Going carless is easier for those with reliable public transportation options. People who are able to walk, use a scooter or bike to and from their destinations may also find it easier to make the change. Ride-sharing and carpooling are other good alternatives to car ownership when you can’t afford a car or are waiting for your dream car to become available.
Some drivers may not see these as viable alternatives due to the ongoing pandemic. According to a Statista report, 65% of Americans stopped using ride-shares due to the coronavirus outbreak. Carpooling with people you know might be a better alternative if you’re worried about exposure to strangers. No matter how you travel, though, there are important precautions you can take to protect your health while traveling.
Choose less popular vehicles
Space, comfort and safety are just a few reasons why Americans love SUVs. Due to the high demand currently, so it may be more difficult to find the one you want at this time. One possible solution is to consider buying a minivan instead: Only about 4% of drivers we surveyed wanted a minivan, while 23% of drivers wanted an SUV. Still, a minivan can be a comfortable, spacious and safe option with several practical features.
Our study also explored how age affects what people want in a vehicle. Gen Z drivers reported that back-up cameras were the most important feature to have, while more than 50% of baby boomers were more concerned about fuel economy and durability. A low outright purchase price was also much more important to baby boomers than to younger buyers.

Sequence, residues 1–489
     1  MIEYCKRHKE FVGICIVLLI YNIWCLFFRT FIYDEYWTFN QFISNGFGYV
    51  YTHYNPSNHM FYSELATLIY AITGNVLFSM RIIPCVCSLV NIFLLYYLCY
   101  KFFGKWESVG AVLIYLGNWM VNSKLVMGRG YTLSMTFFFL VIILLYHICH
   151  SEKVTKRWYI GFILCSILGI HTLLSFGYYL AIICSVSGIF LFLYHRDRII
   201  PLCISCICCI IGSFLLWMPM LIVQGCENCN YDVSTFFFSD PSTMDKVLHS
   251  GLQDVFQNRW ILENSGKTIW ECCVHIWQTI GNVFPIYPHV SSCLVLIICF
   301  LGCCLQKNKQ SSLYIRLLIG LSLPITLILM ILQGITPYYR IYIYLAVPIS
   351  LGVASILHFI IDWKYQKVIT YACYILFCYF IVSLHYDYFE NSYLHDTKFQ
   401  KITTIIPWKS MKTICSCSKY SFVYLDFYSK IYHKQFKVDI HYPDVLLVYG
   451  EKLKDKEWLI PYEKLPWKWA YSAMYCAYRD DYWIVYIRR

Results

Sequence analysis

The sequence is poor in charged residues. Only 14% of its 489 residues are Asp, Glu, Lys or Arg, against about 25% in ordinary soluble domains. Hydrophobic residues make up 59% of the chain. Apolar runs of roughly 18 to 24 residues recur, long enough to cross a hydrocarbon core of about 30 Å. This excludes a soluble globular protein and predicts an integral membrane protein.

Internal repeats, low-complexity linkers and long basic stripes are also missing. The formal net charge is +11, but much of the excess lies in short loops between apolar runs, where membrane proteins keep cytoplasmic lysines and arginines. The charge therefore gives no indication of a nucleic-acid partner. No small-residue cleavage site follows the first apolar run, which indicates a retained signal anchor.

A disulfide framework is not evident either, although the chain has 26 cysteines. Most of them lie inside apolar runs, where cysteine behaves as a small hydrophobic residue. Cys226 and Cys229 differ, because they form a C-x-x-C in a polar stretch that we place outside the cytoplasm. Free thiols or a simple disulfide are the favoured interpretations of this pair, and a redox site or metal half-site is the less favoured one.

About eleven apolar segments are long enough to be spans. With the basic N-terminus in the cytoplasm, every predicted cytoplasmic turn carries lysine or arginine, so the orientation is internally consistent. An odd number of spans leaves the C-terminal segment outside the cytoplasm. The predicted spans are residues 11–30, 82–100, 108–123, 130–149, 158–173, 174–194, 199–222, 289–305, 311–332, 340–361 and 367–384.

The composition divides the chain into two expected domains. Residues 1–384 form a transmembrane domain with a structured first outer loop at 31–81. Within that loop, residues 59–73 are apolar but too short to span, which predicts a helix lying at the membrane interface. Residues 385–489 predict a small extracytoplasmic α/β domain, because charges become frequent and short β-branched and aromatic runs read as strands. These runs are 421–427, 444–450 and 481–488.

We also observed differences between driver preferences in urban/suburban and rural areas: 15% of rural Americans were interested in buying a pickup truck, compared with only 5% of urban/suburban residents. Truck production has slowed due to the aforementioned chip shortage; with high demand and low supply, used cars and trucks command high prices in today’s market, which is great news for sellers looking to offload older vehicles.
Inventory levels show signs of improving
In 2021, computer chip production couldn’t keep up with demand, leading to shortages and consumer frustration. As Americans struggled to find vehicles, some chose to settle for what they could get, while others endured a long wait for what they really wanted. Some people are still considering alternatives or thinking about giving up altogether. If you’re in the market for a new car, patience and flexibility might be the keys to your next automobile.
Methodology and limitations
We surveyed 1,003 people considering buying a car. Among the respondents, 35.1% were millennials, 11.3% were from Gen Z, 33.9% were Gen Xers and 19.7% were baby boomers. Fifty-five percent were men, 44% were women and 1% identified as nonbinary.
To help ensure that all respondents took our survey seriously, they were required to identify and correctly answer an attention-check question.
Survey data have certain limitations related to self-reporting. These limitations include telescoping, exaggeration and selective memory. We didn’t weight our data or statistically test our hypothesis. The margin of error was plus or minus 4% with a 95% confidence interval.
Fair use statement
Finding a car can be difficult. If you feel this information could be helpful to your audience, feel free to share. Just make sure that your purposes are noncommercial and you link back to this page.
- ConsumerAffairs writers primarily rely on government data, industry experts and original research from other reputable publications to inform their work. To learn more about the content on our site, visit our FAQ page.
- Kelley Blue Book, "Is Now the Time to Buy, Sell or Trade-in a Used Car?" Accessed Feb. 3, 2022.